Reputed Drug Kingpin Not Slowed by $50 Million Money Laundering Settlement
BROWNSVILLE, Texas (AP) _ Juan Garcia Abrego remains a cocaine kingpin despite losing $33 million to the U.S. government, authorities say.
The forfeiture might have toppled smaller gangs, but the U.S. Customs Service conservatively estimates that Garcia Abrego’s Mexican organization does more than $20 billion in sales a year, distributing hundreds of tons of Colombian cocaine to the United States.
″We feel that his organization is continuing to import and distribute cocaine,″ said A. Wayne Smith, special agent in charge of the FBI’s Brownsville office.
The U.S. Justice Department announced Monday that American Express Bank International, which provides banking services to overseas clients of American Express Bank, agreed to drop its claim to any part of $40 million in laundered money and assets - including $33 million seized in 1992 and traced to Garcia Abrego.
The Beverly Hills, Calif.-based bank also was fined $7 million and agreed to spend $3 million on employee training to avoid future money-laundering problems.
Under the settlement, the government agreed not to seek criminal charges against the bank.
Prosecutors said it was the biggest civil fine ever assessed against a U.S. bank for money laundering. The only larger civil penalty in this country was $200 million against Bank of Credit and Commerce International, the multinational bank shut down by regulators in 1991 for widespread fraud.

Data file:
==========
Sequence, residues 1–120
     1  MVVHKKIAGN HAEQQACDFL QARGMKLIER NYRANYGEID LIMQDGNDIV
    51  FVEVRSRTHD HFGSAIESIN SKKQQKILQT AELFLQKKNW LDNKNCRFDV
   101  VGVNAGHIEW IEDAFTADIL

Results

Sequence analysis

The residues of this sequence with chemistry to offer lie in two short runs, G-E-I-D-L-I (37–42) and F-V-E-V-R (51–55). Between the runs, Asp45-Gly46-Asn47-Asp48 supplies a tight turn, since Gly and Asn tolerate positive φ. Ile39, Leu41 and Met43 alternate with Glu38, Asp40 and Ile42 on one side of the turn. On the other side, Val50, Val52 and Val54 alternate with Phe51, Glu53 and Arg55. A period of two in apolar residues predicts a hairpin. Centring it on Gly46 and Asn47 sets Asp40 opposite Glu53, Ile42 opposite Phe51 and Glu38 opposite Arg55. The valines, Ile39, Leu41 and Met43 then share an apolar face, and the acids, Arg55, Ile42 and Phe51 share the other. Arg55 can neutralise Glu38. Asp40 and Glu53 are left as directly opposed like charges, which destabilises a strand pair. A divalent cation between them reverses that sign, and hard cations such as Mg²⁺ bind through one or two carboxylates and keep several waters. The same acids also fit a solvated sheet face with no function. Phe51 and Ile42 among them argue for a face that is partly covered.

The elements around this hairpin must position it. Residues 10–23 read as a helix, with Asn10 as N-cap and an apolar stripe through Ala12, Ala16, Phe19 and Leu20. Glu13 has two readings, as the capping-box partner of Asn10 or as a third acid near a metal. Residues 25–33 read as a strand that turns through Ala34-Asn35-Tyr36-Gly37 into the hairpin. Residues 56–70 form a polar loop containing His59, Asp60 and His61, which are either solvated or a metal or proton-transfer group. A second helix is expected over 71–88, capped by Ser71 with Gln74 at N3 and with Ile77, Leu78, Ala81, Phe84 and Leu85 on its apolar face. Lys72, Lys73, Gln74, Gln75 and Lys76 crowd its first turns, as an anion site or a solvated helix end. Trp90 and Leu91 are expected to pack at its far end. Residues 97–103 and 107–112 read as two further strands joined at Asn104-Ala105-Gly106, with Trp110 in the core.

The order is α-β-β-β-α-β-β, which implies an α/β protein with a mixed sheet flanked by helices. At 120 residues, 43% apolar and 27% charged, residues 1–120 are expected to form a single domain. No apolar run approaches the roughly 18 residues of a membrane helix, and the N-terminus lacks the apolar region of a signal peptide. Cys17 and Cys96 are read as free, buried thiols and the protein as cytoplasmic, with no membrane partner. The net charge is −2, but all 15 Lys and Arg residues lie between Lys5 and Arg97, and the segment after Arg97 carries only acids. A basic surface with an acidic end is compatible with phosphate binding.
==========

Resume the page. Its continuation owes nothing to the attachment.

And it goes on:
Assistant U.S. Attorney Dave Novak said the American Express fine was steep because it didn’t cooperate in the investigation. Bank officials contend they cooperated.
The $40 million was laundered by two bank officers convicted earlier this year, authorities said. Antonio Giraldi, a senior officer, was sentenced to 10 years in prison. His assistant, Lourdes Reategui, was sentenced to 3 years.
Prosecutors said the two men set up elaborate international transactions to hide the origin of drug profits in the accounts of their biggest client, Ricardo Aguirre Villagomez, a money launderer for Garcia Abrego.
Garcia Abrego’s group is the most powerful shipment arm for the Colombia- based Cali cartel, the world’s biggest cocaine trafficking organization, said FBI spokesman James Conway.
Testimony and court documents in the bankers’ trial alleged that Garcia Abrego used bribery and murder to grow from a small marijuana dealer into one of Mexico’s most notorious fugitives.
The Mexican government offers a $1 million reward for his arrest; the FBI offers $300,000.
A cousin who said he was Garcia Abrego’s errand boy for 13 years testified that the cartel leader handed out millions of dollars a month in bribes to Mexican officials.
The cousin, Francisco Perez Monroy, portrayed Garcia Abrego as a shrewd but hot-tempered boss who has children by several women, bets thousands of dollars on race horses, hires witch doctors out of superstition and doesn’t hesitate to order the death of associates who cross him.
Mexican authorities say the organization is responsible for up to 60 murders in Texas and Mexico.